MS in Biomedical Forensic Sciences
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The Biomedical Forensic Sciences (BMFS) program trains aspiring and midcareer professionals in a variety of forensic disciplines applied to crime scene investigation and evidence analysis. Professionals trained in these disciplines are crucial to today’s comprehensive forensic investigations. Completing this degree will qualify graduates to work as forensic scientists, DNA analysts, chemists, death investigators, and crime scene responders at the local, state, and federal levels. The MS in Biomedical Forensic Sciences is a FEPAC-accredited graduate program. FEPAC (Forensic Science Education Programs Accreditation Committee) maintains and enhances the quality of forensic science education through a formal evaluation of college-level academic programs. The primary function of the committee is to develop and maintain standards and to administer an accreditation program that recognizes and distinguishes high-quality undergraduate and graduate forensic science programs.
Forensic Science Education at the Boston University School of Medicine
All of our faculty remain actively involved in casework and commonly utilize their own experience to teach students about science and the application of science to the law.
The forensic curriculum and courses at Boston University School of Medicine (BUSM) are specially developed for forensic science education. A significant number of courses are designed such that there is a laboratory or practical component included. This ensures that our students obtain a significant amount of hands-on experience not available through lecture classes alone. The master’s degree program is a 38-credit program that can be completed in two years.
The BMFS program is housed in the Boston University School of Medicine, and the master’s degree awarded is an MS in Biomedical Forensic Sciences from the Boston University School of Medicine. Therefore, our students primarily take courses and perform research in BUSM facilities and laboratories.
Our criminal law classes (Criminal Law I and II) are taught by practicing attorneys. This allows our students to get a real sense of expert testimony while receiving advice and expertise from the attorneys who regularly practice direct and cross examination.
All students actively engage in independent research. Experience gained through this endeavor has allowed our students not only to present at conferences and publish in journals, but also to develop expertise in a field of study not accessible through courses alone.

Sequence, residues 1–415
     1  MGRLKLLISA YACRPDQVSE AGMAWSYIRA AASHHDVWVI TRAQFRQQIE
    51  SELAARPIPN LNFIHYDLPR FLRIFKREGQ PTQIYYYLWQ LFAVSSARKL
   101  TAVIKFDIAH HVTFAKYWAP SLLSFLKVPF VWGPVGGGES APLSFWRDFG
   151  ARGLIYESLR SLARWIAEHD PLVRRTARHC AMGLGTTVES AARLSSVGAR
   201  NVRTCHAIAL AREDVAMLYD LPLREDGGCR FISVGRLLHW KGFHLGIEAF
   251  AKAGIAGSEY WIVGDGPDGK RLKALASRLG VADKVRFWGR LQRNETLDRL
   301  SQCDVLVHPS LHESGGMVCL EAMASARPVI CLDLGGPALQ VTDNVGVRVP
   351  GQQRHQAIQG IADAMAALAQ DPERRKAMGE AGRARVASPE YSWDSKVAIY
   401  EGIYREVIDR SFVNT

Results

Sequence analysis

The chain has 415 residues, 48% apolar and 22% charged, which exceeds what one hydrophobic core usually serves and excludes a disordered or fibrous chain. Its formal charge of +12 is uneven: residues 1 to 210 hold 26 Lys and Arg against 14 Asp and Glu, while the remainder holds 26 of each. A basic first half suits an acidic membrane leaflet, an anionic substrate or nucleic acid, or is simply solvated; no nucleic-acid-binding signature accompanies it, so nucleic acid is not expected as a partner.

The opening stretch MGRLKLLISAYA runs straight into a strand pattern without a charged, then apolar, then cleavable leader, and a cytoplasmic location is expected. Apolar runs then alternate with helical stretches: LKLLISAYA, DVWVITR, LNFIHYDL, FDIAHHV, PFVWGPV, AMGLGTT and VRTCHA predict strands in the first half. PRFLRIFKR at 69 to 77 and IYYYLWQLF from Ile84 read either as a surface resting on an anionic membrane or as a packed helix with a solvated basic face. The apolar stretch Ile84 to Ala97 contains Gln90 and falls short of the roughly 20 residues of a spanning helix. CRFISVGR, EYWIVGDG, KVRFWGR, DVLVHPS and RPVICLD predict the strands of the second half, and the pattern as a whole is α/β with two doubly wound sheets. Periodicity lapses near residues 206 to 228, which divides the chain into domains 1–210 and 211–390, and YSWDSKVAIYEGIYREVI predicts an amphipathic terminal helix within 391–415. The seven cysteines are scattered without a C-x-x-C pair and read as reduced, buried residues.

These requirements, experiences, and in-depth laboratory practice are what allow us to offer high-quality, graduate-level, research-grade, forensic science education to MS students at BUSM.
Students graduating with an MS in Biomedical Forensic Sciences are expected to:
- Demonstrate an in-depth understanding of the applications of biology and chemistry to the collection and analysis of forensic evidence.
- Demonstrate an in-depth knowledge of specific laboratory processes and procedures, acquired from the program-required laboratory courses in two chosen disciplines of interest, that includes a practical demonstration of competency in the technical procedures, data interpretation, and reporting of results.
- Show an in-depth understanding of the interface between science and law and their ethical obligations related to examination of evidence and role as an expert witness.
- Produce a written thesis that demonstrates the application of the scientific process through use of critical thinking applied to project experimental design and data analysis.
- Participate in a portfolio of professional development activities that include attendance at seminars, participation in regional and/or national forensic science meetings, or internship activities.
- Criminal Law and Ethics (FS 700, 2 cr)
- Crime Scene Investigation (FS 701, 3 cr)
- Forensic Biology (FS 702, 3 cr)
- Forensic Chemistry (FS 703, 3 cr)
- Trace Evidence Analysis (FS 707, 3 cr)
- Molecular Biology of Forensic DNA Analysis (FS 720, 3 cr)
- Criminal Law II-Mock Court (FS 800, 2 cr)
- Forensic Toxicology (FS 830, 3 cr)
- Directed Research and Professionalism in Biomedical Forensic Sciences (FS 870, 2 cr)
- Research in Biomedical Forensic Sciences (FS 970 and/or 971, 2 cr)
Forensic Laboratory Courses
Each student is required to complete 4 credits of laboratory coursework. The BMFS program offers the following laboratory courses throughout the year.
- Forensic Instrumental Analysis Laboratory (FS 708, 2 cr)
- Forensic Biology Laboratory (FS 704, 2 cr)
- Forensic DNA Analysis Laboratory (FS 721, 2 cr)
- Forensic Toxicology Laboratory (FS 831, 2 cr)
- Pattern Evidence Analysis (FS 706, 2 cr)
- Forensic Pathology and Medicolegal Death Investigation (FS 715, 2 cr)
- Bloodstain Pattern Analysis (FS 713, 2 cr)
- Advanced Topics in DNA Analysis (FS 730, 2 cr)
- Analysis of Controlled Substances (FS 740, 2 cr)
- Advanced Topics in Forensic Chemistry (FS 803, 2 cr)
- Case Practicum in Forensic Biology-DNA (FS 840, 2 cr)
- Internship in Biomedical Forensic Sciences (FS 871, 2 cr)
- Publication and Communication of Research in Biomedical Forensic Sciences (FS 971, 2 cr)
- Ignitable Liquids and Explosives (FS 735, 2 cr)
Students may choose to focus their elective courses and thesis research on one general scientific area (e.g., forensic biology/DNA, forensic chemistry/toxicology, or forensic medicine/death investigation). If a student completes a designated Specialty Track curriculum and passes a topic-specific competency exam, the achievement will appear on their transcript.
All BMFS students must pass a general competency exam to graduate. This achievement will appear on student transcripts.